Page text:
"Old Winter has come with his cold, chilling breath".

The early and the latter rains fell copiously and gave us an abundant harvest. Our gardens never made a better yield. Of peas, we had abundance for ourselves and neighbors; our watermelons - "Orange" and "Mountain Sprout" - were splendid; our tomatoes - mostly "Keyes" - though late, exceeded expectation; and our root crop was the best we ever had.

We set out some six thousand (6,000) Concord grape cuttings in the spring, and about five sixths of them started, and have grown quite well. Our Victoria currants bore profusely; our Lawton blackberries sustained their reputation. "Brightside" is in a valley; the mean temperature is from one to two degrees lower than in the town above; yet the soil is sandy loam, and the Isabella grape there ripened to perfection. The wild grapes in the vicinity were injured by the early frost. Our bee-hives were well stored with honey, which now is selling - if in small glass boxes - at about 40 cents per pound.

From ten acres - and ten acres is enough - we have filled our barn, our pantry, and our cellar, and now enjoy the guerdon of our toil, and wait in hyemal - I had almost written hymeneal - repose for the opening of another season. A dazzling sheet of snow surrounds our comfortable dwelling, and stretches far away on every side to the ever-green forests. The long icicles hang over the door; the moon suspends her silver bow above a low line of stratus cloud in the west; the stars shine out with a kind of "winterish sparkle," and the distant tinkling of a slender waterfall is heard. Old chanticleer - my little Florence thinks him very a - rooster - cratic in his way - has "turned in," with his well-fed harem, for the night; the "yearlings" are gently reposing near their dams, and "Charlie," the wounded war-horse, is profoundly musing on some battle race upon the "sacred soil," or casting" a long, lingering look" in front for his accustomed "ration." We ourselves are cosily seated, pater-mater familias, and the "little circle" negligently around us, for the long winter evening.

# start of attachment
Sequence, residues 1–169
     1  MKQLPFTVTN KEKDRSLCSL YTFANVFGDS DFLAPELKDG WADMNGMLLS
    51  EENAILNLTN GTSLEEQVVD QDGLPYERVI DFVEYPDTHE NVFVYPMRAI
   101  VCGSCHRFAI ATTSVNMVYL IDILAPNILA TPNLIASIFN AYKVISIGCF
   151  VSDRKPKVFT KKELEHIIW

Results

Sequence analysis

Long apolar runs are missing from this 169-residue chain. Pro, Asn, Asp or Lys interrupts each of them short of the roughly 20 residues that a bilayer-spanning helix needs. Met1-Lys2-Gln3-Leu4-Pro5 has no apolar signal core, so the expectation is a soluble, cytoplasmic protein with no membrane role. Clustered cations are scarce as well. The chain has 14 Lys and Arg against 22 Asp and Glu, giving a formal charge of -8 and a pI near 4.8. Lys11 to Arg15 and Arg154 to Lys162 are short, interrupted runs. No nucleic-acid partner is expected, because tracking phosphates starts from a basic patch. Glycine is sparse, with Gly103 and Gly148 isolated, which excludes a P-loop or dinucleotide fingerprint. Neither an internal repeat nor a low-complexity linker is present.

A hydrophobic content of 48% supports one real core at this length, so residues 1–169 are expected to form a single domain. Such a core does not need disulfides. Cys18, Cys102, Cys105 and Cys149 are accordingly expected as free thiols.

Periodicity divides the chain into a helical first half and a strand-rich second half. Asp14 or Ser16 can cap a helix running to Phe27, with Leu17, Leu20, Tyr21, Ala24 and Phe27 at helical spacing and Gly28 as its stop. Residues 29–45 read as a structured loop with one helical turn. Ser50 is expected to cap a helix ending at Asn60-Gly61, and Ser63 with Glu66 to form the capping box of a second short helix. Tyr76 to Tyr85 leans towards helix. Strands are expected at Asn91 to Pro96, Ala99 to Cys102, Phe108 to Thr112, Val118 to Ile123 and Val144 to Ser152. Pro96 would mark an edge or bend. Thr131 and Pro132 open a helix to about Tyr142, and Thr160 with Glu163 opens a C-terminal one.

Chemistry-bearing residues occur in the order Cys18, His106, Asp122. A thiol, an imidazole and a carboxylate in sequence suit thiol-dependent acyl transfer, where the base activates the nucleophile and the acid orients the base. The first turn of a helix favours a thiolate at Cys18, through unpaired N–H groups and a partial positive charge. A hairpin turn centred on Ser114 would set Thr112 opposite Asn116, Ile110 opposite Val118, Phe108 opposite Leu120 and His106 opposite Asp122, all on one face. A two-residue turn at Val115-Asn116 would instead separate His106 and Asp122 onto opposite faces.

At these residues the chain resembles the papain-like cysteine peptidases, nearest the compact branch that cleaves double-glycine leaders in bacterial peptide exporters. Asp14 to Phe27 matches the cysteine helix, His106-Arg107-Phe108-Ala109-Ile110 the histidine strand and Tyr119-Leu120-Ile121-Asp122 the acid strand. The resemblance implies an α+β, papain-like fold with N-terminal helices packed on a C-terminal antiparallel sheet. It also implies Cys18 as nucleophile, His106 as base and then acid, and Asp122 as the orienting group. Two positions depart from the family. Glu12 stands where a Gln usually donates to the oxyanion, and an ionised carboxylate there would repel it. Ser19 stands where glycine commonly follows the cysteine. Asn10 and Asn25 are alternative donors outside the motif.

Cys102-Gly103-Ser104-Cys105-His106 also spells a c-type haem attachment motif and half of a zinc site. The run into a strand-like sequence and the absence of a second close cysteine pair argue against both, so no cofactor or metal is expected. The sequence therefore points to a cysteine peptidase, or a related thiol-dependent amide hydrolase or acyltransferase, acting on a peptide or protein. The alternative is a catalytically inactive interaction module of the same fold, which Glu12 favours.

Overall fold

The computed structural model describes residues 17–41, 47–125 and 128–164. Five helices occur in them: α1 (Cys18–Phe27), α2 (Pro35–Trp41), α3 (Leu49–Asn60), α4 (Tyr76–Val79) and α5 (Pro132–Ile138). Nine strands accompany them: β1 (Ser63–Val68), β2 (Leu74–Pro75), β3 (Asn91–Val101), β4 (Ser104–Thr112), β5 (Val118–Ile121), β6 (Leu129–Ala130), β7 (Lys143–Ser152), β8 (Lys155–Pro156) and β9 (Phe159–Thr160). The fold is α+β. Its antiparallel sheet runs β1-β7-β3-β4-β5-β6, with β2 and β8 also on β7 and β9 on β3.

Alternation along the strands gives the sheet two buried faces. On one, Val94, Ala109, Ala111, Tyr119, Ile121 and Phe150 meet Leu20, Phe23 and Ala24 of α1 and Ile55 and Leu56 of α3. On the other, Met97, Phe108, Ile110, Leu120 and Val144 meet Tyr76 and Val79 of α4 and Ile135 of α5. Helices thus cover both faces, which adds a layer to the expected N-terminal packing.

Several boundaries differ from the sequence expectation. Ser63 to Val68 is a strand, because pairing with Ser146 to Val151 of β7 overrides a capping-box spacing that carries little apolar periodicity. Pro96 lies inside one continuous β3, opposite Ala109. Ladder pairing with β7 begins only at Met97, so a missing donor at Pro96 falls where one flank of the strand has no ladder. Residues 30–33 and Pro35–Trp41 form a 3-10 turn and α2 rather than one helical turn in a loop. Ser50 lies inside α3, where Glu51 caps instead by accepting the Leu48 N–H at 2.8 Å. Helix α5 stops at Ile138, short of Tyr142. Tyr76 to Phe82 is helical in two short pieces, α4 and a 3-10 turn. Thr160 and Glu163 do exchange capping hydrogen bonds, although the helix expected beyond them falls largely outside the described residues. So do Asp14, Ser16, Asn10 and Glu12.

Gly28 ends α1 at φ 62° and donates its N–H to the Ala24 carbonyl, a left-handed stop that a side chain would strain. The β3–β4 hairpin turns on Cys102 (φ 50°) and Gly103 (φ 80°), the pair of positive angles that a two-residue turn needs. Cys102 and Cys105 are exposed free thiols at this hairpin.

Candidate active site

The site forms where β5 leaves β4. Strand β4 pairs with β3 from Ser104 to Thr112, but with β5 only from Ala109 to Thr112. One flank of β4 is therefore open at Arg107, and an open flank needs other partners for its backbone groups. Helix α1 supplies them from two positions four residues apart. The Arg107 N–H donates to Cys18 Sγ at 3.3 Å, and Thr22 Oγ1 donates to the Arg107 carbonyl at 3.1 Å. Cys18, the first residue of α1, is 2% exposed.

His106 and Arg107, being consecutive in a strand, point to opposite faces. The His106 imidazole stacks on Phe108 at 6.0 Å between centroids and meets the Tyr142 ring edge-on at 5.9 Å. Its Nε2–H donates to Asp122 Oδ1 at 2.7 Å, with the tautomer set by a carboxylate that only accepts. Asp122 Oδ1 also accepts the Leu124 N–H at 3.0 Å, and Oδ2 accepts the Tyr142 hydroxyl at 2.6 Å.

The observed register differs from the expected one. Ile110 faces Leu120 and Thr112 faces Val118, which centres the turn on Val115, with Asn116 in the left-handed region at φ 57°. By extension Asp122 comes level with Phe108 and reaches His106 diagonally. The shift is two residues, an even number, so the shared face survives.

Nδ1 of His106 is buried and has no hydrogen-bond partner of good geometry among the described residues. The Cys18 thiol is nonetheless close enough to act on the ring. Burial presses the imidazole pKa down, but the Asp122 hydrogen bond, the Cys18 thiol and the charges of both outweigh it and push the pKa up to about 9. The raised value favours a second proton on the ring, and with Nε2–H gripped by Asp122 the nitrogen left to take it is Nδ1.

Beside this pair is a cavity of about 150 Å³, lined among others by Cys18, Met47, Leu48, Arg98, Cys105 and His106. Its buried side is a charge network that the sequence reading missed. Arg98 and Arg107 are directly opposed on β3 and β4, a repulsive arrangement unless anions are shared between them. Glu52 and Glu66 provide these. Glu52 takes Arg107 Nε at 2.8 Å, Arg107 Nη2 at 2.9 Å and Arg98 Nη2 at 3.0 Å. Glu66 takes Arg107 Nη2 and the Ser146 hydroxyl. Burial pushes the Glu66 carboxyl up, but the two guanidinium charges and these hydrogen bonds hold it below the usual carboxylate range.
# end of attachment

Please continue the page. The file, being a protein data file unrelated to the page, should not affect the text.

Shall I tell you how we spend it ? Well, variously; but this one night may serve you as a kind of sample.

Our house, as every one should be, is well supplied with books; but books, as blueberries, are always better in their own appropriate season. This evening we therefore read aloud in turn a part of Shakspeare's " Winter Night's Tale;" then Thomson's " Winter," beginning,

"Ah! little think the gay, licentious crowd," continuing to the end. Burns' beautiful "Winter's Night" follows -

"When biting Boreas, fell and doure," etc.; and then we close our poetry with "January's Husbandry" of quaint and rare old Thomas Tusser - "When Christmas is ended, bid feasting adieu".

We stop at every curious verse or word and criticise the fault or beauty; and on closing make a general resume of the whole, comparing it as to style and subject matter with such other kindred writers as we know in German, French, or Italian We pass from poetry - and the little ones most gladly - to the items in the "Evening Traveller;" thence to the last number of the Horticulturist, which we always read with pleasure, even to the last advertisement, and then discuss the merits of the various articles. Then the " young democracy" bring forward Demorest's "Young America;" and while the kitten sits in a kind of sleepy wisdom in the corner, amuse themselves with "puzzle-pictures," riddles, and conundrums till the number is exhausted.

"Now for pop corn!" some one cries; and in a twinkling we hear the " popper" shaking over the red-hot coals and the bursting of a thousand grains of maize, like the explosion of the India crackers on a Fourth-of-July morning. We all partake of the snow-white luxury, and then pass round the luscious grapes, which careful culture has produced for " winter evening consolation." " A story! yes, father, a story of the war," the young " wide-awakes" now cry; and so we essay to charm their fancy and inspire their patriotism by telling how Kilpatrick started on his famous raid to Richmond; how Gen. Grant went through the " Wilderness;" or how the President was shot while listening to the " American Cousins" at Ford's Theater, Washington. The " regimentals" from the battle-fields are now brought in, and every one takes in the hand the identical minie ball that struck one of our number on the bloody field of Gettysburg. Music now comes on to close the evening. "Tramp, tramp, tramp!" for soldiering memories, and then duets - flute and piano - from "Norma," "Martha," "Somnambula," "Faust," and "Traviata." We sing a sacred song in harmony; we thank the glorious Giver for his marvelous mercy; take the parting kiss, and say the kind "Good-night!" "father," "mother," "Florence," "Willie," " Emily," " Charlie," " Paul," and seek repose and slumber on the peaceful couch.